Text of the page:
The cantorial scores, hidden from the Nazis in Hungary, lay untouched for more than half a century. The liturgical pieces, which offer a glimpse into a style of vocal writing that no longer exists, were written in the hand of Shmuel Blasz, chief cantor of the New World Street Synagogue in Eger.

As the Nazis were bearing down on Eger, the cantor entrusted six of his compositions to a gentile neighbor. On June 7, 1944, the Blasz family was placed into a ghetto and then sent to Auschwitz where the cantor, who was then 63, was immediately murdered along with his wife.

Five of his eight children, however, survived the Holocaust. One of them was Eva Egri, now 90 and living in Fort Lauderdale, who returned to Eger in 1946 and reclaimed her father’s musical compositions from the neighbor.

Now, with the help of a school report written five years ago by one of Cantor Blasz’s great-grandchildren, the cantor’s story will be told and his scores will be performed by six Long Island cantors next month for the first time since the Holocaust.

Eva and her husband went on to have three children and immigrated to the United States in 1966 to be with her two living brothers. One of her children, Julia Goldner, 63, of Plantation, Fla., said her mother “never really spoke of her experiences [during the Holocaust] until very, very recently.”

She said she knew that her mother had reclaimed her father’s music and that her mother is “familiar with the melodies, having been to synagogue when my grandfather sang them.” Although the musical compositions have remained among her mother’s possessions all these years, they have never been performed.

It took one of grandchildren, Shira Elbaz, to get Eva to open up about her experiences. She wrote in a school report five years ago about her grandmother that she and her grandfather changed their last names from Weisz to Egri shortly after the war because of anti-Semitism.

“For many years my grandmother didn’t want to talk about what happened to her [during the Holocaust], and she refused to accept any reparations because she did not want to take any ‘blood money,’” Elbaz wrote. “But after numerous attempts were made by the Claims Conference in Geneva, she felt it was important to document her experience. … We cannot remain silent.”

Soon after, Eva gave copies of the musical compositions to a family friend, Len Romano, a former Northport School District social studies teacher from Ronkonkoma.

“She took them from a large brown envelope” and said she would love to hear her father’s music performed again, Romano recalled. “I said I would try my hardest to do something with it. I would have loved to have had Eva sitting in the audience as the works were performed at her father’s temple in Hungary, but I understand the building is no longer used as a synagogue,” Romano said.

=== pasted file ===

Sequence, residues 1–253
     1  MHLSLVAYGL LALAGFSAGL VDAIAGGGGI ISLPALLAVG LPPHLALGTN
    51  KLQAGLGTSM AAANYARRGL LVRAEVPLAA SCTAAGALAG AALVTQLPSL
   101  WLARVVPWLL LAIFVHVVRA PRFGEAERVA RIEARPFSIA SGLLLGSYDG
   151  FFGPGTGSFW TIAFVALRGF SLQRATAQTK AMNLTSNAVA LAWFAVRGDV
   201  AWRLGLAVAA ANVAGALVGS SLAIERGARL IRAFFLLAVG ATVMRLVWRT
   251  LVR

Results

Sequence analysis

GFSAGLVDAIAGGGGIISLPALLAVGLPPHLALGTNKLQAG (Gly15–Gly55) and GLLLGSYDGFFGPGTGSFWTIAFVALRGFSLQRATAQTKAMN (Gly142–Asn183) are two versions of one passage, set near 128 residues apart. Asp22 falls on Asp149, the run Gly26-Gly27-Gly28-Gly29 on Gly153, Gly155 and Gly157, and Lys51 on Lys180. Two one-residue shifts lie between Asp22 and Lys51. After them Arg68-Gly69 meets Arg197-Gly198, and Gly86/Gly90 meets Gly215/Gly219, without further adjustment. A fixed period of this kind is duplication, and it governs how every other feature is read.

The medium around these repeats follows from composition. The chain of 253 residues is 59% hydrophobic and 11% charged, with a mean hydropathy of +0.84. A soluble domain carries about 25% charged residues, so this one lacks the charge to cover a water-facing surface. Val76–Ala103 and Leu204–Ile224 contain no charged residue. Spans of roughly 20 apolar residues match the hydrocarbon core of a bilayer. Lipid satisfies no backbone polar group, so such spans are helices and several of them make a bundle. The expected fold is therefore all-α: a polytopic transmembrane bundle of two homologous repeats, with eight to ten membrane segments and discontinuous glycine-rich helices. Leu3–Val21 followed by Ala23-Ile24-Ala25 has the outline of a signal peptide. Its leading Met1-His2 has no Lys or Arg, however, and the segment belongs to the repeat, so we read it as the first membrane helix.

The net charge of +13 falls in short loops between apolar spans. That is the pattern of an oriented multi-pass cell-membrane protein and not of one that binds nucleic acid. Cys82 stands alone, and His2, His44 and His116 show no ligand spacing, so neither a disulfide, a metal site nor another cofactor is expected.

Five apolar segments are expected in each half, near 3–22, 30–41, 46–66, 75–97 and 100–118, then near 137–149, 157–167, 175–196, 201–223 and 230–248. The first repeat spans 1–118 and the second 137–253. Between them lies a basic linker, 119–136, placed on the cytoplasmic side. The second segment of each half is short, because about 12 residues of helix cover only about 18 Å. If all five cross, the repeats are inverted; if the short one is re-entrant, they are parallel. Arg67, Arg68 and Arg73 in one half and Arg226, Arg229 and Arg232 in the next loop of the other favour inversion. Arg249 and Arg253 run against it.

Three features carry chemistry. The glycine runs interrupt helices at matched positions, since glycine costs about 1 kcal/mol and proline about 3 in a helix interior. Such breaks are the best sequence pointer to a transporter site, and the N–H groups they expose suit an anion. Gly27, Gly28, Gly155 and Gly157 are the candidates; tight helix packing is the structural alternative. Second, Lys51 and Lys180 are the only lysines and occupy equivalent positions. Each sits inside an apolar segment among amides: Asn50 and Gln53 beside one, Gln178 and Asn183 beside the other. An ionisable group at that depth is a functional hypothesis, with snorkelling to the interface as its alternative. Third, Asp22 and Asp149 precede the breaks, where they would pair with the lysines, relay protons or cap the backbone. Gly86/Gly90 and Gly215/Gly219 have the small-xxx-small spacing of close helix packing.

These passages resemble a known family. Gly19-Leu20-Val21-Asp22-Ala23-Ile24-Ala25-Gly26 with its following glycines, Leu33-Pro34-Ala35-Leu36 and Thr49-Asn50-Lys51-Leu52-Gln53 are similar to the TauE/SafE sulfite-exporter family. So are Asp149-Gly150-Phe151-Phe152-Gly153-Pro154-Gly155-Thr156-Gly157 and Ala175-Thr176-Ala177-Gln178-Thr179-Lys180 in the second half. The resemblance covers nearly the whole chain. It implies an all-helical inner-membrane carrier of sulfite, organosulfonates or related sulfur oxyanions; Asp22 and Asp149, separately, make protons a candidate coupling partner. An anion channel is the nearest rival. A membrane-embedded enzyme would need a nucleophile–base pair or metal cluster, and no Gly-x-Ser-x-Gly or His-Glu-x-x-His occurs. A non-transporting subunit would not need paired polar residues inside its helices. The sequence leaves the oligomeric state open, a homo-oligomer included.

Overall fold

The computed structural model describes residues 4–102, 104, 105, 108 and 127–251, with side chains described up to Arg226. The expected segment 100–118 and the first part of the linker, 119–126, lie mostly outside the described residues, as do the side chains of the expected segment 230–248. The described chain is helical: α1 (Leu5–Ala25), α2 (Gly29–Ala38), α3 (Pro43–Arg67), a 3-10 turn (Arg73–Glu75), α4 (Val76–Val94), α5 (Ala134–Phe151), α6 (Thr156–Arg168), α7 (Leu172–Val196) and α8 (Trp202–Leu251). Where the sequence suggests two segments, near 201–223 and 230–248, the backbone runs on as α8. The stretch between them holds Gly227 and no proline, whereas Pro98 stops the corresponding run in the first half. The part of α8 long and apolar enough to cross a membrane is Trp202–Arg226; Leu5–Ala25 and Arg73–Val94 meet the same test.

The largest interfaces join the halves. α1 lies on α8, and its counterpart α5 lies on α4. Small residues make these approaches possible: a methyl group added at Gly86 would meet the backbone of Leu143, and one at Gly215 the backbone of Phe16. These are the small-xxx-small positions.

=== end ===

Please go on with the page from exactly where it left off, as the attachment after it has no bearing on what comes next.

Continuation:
Last summer, he contacted Judy Merrick, the cantor at his former synagogue, Temple Beth Sholom in Smithtown, and asked if she could arrange for the music to be performed. “I said we need to raise funds to bring something like this to life because we need professional singers and accompaniment,” Merrick said.

The money was raised with the help of the congregation’s rabbi emeritus, Elliott Spar. Merrick and five of her colleagues from Conservative synagogues on the Island will perform four of the six liturgical pieces at her synagogue May 5 at 7 p.m.

The music, which is written with four-part vocal harmony, “is classical Old World,” Merrick said. “It doesn’t exist anymore, but it was perfect for the East European [style of] music,” she said.

One of the pieces, “Sholom Aleichem,” is sung as part of the Friday night service. Another is sung at funerals, and two others are part of the Saturday evening service. The other two other pieces reclaimed are for the Yom Kippur service and will not be performed, Merrick said.

In addition to the performance of Cantor Blasz’s musical compositions, there will be some solo numbers and the playing of a 10-minute video in which Eva Egri recounts for Merrick some of her wartime experiences and her recovery of the musical scores.

“There was an instant connection between us,” Merrick recalled. “Perhaps it’s because I’m an Israeli whose father was a Holocaust survivor from Hungary who also survived Auschwitz. … I’m doing this with all my heart.”

Goldner said she is working to have the program simulcast to a synagogue in southern Florida so her mother, for whom travel is difficult, can watch it.

The concert, which is titled, “Remember Us Unto Life,” is being held just days after Holocaust Remembrance Day.

Romano said he is also working with Rep. Ted Deutch (D-Fla.) to arrange for a local college in Florida to perform the compositions and for Eva Egri to be present. And Merrick said she would like it to be performed again next year during a trip by the Conservative movement’s Cantor’s Assembly to Germany.